There is no evidence yet uncovered that the Governor was the kind of hockey mom who sought blood as well as wholesome activity for her children. We have learned, however, just how she campaigns as a hockey mom. Before partisan crowds apparently oblivious to any sense of propriety, Sarah Palin calls out for blood to be visited upon her terrorist opponents, most particularly, upon Senator Barack Obama. She has incited a cadre of miscreants to scream for his head. She has turned the campaign into a hockey brawl.
I love the NHL, but sometimes they realllly make it tough, like when they bring in Def Leopard to participate in the celebration of the Red Wings' Cup victory.
In an apparent effort to solidify Sarah Palin's "hockey cred" Flyers owner Ed Snider (a McCain campaign supporter/contributor and fan of the Iraq war) invited America's most famous "hockey mom" to drop the puck at the Flyers vs Rangers game last night.
Not surprisingly, hockey is also playing a role in the election campaign currently underway in Canada. The leader of the Liberal Party, Stephane Dion, apparently thought it would be good politics to be filmed playing a little ball hockey. Unfortunately Dion's handlers were unaware that their leader would be shooting on some guy who plays like a freakish hybrid of Brodeur & Luongo wearing a pair of Ken Dryden's old Kenesky pads.
Uniwatch thinks the Thrashers have set a "new standard for bad design with their new alternate uniform."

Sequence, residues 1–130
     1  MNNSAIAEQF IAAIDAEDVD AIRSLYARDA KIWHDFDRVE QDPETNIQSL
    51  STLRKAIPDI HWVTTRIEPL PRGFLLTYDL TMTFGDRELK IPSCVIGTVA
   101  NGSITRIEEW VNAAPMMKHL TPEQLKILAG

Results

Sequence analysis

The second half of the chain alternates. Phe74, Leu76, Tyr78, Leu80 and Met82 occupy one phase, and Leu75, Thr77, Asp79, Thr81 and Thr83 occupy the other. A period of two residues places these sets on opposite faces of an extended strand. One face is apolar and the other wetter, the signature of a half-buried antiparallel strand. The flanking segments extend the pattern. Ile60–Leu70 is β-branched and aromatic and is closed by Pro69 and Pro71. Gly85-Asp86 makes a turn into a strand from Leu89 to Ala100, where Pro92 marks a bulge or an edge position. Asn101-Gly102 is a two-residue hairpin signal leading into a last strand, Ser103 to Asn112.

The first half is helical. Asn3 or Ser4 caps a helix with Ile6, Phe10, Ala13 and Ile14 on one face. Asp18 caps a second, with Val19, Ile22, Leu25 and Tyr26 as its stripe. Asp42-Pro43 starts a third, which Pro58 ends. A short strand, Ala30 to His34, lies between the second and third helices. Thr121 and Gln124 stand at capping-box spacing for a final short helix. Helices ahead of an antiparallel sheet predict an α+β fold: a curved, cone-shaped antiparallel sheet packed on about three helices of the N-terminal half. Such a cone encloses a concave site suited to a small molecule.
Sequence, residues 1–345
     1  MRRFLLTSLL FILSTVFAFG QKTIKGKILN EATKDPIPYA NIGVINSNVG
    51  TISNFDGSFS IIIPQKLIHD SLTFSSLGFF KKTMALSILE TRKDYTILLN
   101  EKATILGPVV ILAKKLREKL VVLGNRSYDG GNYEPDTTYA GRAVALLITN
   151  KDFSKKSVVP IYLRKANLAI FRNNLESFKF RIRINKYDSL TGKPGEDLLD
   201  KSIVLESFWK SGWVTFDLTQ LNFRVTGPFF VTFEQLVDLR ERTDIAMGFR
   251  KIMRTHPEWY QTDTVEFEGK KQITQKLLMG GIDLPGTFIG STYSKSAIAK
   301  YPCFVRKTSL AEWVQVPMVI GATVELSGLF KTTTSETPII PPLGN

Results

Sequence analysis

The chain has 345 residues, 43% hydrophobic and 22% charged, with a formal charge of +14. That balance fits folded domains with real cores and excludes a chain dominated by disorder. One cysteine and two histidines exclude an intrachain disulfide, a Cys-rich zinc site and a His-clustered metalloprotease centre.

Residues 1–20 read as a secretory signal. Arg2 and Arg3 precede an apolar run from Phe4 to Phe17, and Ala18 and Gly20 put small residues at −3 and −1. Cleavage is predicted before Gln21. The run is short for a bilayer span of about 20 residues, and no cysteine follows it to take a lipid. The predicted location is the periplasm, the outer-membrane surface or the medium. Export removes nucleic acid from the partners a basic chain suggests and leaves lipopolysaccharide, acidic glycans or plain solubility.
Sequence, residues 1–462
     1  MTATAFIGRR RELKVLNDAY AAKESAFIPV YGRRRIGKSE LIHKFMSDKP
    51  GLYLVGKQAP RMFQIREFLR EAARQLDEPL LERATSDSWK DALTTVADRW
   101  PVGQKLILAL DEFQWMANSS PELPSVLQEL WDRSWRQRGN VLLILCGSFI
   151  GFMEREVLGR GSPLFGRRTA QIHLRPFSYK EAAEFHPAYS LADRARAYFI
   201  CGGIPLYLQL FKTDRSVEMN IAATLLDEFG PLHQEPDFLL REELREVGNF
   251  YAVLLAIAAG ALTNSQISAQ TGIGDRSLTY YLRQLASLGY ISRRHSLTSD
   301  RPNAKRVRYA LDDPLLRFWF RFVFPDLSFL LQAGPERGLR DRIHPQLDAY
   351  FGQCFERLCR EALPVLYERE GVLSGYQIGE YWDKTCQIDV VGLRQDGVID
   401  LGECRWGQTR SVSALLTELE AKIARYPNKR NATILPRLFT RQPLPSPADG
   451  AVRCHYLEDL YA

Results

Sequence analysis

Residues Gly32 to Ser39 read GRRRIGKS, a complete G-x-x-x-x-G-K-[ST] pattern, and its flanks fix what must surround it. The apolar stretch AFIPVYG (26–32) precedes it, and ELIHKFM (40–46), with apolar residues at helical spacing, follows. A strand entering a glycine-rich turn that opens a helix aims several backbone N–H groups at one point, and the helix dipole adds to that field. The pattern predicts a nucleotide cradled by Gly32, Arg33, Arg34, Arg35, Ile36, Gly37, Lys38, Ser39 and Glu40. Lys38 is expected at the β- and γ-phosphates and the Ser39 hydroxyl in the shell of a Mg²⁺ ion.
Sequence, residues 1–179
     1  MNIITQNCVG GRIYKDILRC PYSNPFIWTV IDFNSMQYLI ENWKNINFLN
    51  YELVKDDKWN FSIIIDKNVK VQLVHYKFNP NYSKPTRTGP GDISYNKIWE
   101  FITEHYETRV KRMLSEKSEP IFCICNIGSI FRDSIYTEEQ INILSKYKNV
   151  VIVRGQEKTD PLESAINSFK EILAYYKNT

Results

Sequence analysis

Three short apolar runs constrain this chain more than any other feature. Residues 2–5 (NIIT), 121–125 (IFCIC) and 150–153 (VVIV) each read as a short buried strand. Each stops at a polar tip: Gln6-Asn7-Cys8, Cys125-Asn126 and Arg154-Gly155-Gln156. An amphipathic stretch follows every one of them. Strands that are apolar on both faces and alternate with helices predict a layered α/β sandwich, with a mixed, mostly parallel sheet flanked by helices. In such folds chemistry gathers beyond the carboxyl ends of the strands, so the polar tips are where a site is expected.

Not really. As bad as it is, the Thrashers have nothing on the Canucks "flying V" jersey from the late 70's.
The announcement that Roberto Luongo would be the Captain of the Vancouver Canucks for 2008-09 got me thinking about the current slate of NHL captains. In recent days several teams have announced their new captains (view list of teams/captains here), although three of the NHL's favorites in the Tavares Cup - Atlanta, Florida and Toronto - have yet to annoint a captain for the coming season. The Toronto Maple Leafs are in the unusual position of having an ambivalent captain who seems unable to decide where or even if he will play this season. The "C" has yet to be stripped from Mats Sundin, despite his failure to commit to the Leafs (or anyone else) for the coming season.
Just like most PeeWee hockey teams, the captain is usually the best player on the team (Crosby, Ovechkin, Iginla, Luongo...), or at least someone who was at one time the best player on the team (Koivu, Arnott, Brind 'Amour?). Patrick Marleau was also the best player on the Sharks when he was named captain, but lost that status when Joe Thorton cam to San Jose. But the case can be made that a handful of teams have stitched the "C" on someone other than their best player. On this I would include: